Personas; decentralised web publishing; the web turns 20 (again)

Here is this week’s selection of articles and resources.

Don’t let user experience design methods die

Some debate on user experience design methods such as personas and user journeys. Rian van der Merwe argues that such techniques are useful for large organisations.

At large organizations, not everyone is focused on and has an understanding of what experience design is about. There’s often a lot of “I am the user” thinking going on, and an inability to see interactions from the perspective of users. In those circumstances, personas and user journeys in particular can be enormously beneficial to help the organization see their products from a user’s perspective.

Data driven design research personas

A set of slides containing some more tips on personas.

They keep you out of the user.

Decentralized publishing equals amateur web management

Gerry McGovern calls the decentralised publishing model “disastrous”. The tendency is for organisations to view web management as a technology problem that would be solved by buying software, when it reality it is more of a people problem. Gerry McGovern advocates a mixed approach: a central team with expertise in writing for the web, navigation and search; and decentralised staff members who are the subject experts.

In most situations, the decentralized publishing model has been disastrous. The people trained tended to be relatively junior staff, for whom publishing to the website was just one more responsibility. The result was lots and lots of poor quality content that was never updated or reviewed.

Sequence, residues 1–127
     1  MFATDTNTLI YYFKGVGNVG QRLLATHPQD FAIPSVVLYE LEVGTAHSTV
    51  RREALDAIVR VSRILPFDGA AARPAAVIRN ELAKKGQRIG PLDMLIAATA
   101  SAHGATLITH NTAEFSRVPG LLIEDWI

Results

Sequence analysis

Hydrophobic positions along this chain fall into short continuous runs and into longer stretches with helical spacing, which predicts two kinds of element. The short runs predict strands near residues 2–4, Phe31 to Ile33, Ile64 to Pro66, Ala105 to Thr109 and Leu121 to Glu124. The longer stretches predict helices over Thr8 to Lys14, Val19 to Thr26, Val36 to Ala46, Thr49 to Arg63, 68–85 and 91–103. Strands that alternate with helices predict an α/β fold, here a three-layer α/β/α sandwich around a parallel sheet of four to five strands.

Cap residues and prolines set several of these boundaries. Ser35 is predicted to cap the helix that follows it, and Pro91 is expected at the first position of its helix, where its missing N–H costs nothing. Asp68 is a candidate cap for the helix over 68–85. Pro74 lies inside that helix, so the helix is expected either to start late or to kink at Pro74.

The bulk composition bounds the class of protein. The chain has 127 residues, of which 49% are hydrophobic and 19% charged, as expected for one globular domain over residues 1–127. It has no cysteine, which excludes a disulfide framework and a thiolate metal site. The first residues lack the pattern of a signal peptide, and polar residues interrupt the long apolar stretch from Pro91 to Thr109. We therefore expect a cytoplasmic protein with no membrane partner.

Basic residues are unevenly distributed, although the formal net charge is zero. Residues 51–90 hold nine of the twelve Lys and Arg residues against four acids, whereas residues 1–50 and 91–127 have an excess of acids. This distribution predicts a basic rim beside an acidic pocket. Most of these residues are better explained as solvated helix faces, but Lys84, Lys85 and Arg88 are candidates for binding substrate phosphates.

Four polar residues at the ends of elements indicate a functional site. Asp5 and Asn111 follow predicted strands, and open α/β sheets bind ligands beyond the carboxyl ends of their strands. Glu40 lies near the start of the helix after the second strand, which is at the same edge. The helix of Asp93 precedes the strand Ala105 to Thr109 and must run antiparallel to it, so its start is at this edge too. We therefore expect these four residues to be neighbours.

The world wide web is 20 years old! (Sort of.)

Cern re-creating first web page to revere early ideals
New Cern project to restore first-ever website
Restoring the first website

As we know here at St Andrews, all great institutions celebrate their significant milestones over a period of a few years. The same is true for the world wide web, which is celebrating yet another of its 20th birthdays this week. Depending on what you mean, the world wide web was born in either 1989, 1991 or 1993. This week marks the anniversary of the day Cern announced that they were making the web free for all. To mark the occasion, Cern have launched a project to restore the world’s first website and preserve the original hardware and software used at the birth of the web.

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